Standard Interpretations - Table of Contents|
| Standard Number:||1910.120|
December 30, 1991
Ms. Dee Tyler
41935 West 12 Mile Road
Novi, Michigan 48377
Dear Ms. Tyler:
This is in response to your inquiry of November 21, concerning the Occupational Safety and Health Administration's (OSHA) Hazardous Waste Operations and Emergency Response final rule (HAZWOPER), 29 CFR 1910.120.
Your questions concern medical surveillance for employees who do not choose to take part in the employer's medical surveillance program. Specifically, you ask OSHA if the employer is required to enforce medical surveillance, and what action or documentation must take place to avoid a violation of HAZWOPER.
Under HAZWOPER employers are obligated to make medical surveillance and medical consultation available, but OSHA does not require employees to participate. A record signed by the employee should be made in the employee's personnel file indicating that the employee voluntarily chose not to take part in the medical surveillance program.
Subparagraph (e)(2) specifically includes a medical surveillance training requirement, which requires employers to instruct employees on how to recognize "symptoms and signs of overexposure to hazards" on the job and make them aware of specific parts of the site safety and health plan. HAZWOPER training should also incorporate the purpose and content of the medical surveillance program required by the standard, so employees understand that it is for their protection.
We hope this information is helpful. If you have any further questions please feel free to contact us at (202) 523-8036.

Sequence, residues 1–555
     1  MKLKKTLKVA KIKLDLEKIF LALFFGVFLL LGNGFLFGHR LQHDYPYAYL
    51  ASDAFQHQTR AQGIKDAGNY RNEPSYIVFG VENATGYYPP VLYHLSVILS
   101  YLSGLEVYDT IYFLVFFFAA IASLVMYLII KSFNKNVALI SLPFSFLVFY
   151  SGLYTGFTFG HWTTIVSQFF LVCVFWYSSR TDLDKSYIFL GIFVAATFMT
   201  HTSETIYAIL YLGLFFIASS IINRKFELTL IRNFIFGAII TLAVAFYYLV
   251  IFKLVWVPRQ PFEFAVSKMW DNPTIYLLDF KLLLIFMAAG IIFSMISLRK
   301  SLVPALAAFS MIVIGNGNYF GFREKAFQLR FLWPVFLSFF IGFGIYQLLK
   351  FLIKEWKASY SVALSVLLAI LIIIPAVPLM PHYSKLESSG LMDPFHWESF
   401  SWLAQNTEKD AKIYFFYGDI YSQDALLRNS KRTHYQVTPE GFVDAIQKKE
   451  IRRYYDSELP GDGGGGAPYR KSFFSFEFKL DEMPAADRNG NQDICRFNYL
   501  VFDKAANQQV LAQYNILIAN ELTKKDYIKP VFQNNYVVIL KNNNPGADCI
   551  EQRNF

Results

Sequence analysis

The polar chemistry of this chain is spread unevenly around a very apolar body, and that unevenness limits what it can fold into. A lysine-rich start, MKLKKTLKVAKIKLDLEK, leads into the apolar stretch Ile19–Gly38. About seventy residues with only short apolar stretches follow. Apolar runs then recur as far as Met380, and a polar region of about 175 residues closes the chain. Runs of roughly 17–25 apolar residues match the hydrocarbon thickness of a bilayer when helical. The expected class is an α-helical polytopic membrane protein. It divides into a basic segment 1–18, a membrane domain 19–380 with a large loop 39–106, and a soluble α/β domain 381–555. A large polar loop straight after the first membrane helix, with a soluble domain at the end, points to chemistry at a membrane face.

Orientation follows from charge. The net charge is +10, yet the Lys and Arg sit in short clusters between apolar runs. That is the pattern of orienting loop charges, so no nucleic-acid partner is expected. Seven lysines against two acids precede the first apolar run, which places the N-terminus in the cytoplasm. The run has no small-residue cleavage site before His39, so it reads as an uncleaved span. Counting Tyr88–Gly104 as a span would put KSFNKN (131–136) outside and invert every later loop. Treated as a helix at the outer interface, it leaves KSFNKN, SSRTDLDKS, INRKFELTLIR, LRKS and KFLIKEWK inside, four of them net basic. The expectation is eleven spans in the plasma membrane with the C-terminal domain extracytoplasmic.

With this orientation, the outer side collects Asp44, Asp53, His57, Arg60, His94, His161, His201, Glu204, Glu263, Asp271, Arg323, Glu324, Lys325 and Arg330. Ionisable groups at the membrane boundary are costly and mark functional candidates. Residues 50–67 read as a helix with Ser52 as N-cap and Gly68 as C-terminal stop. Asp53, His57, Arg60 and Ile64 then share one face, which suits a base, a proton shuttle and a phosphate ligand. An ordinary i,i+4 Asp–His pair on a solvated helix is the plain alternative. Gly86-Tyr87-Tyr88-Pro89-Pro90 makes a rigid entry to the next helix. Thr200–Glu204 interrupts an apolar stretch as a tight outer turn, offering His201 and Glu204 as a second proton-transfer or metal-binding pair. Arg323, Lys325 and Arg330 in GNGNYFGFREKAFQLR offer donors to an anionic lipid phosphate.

Patricia Clark, Director
Directorate of Compliance Programs
November 21, 1991
Director Health Compliance
Rm OSHA N 3463
U.S. Department of Labor
Washington, D.C. 20210
Dear Ms. Clark:
I am writing for an interpretation of OSHA Standard 1910.120 - Hazardous Waste Operations and Emergency Response or HAZWOPER, Section (f)(2) on Medical Surveillance.
It is clear employers are required to offer medical surveillance after an exposure under this standard, however is the employer required to enforce medical surveillance if the employee does not comply voluntarily? If an employer is not required to enforce medical surveillance what action or documentation must the employer take under this standard to avoid violation. Is there anything in the Act which would prevent an employer from enforcing, through disciplinary procedures, an employee to comply with medical surveillance.
I appreciate your time to research these items and look forward to hearing your response.
Dee Tyler, RN
Employee Health Coordinator
|Standard Interpretations - Table of Contents|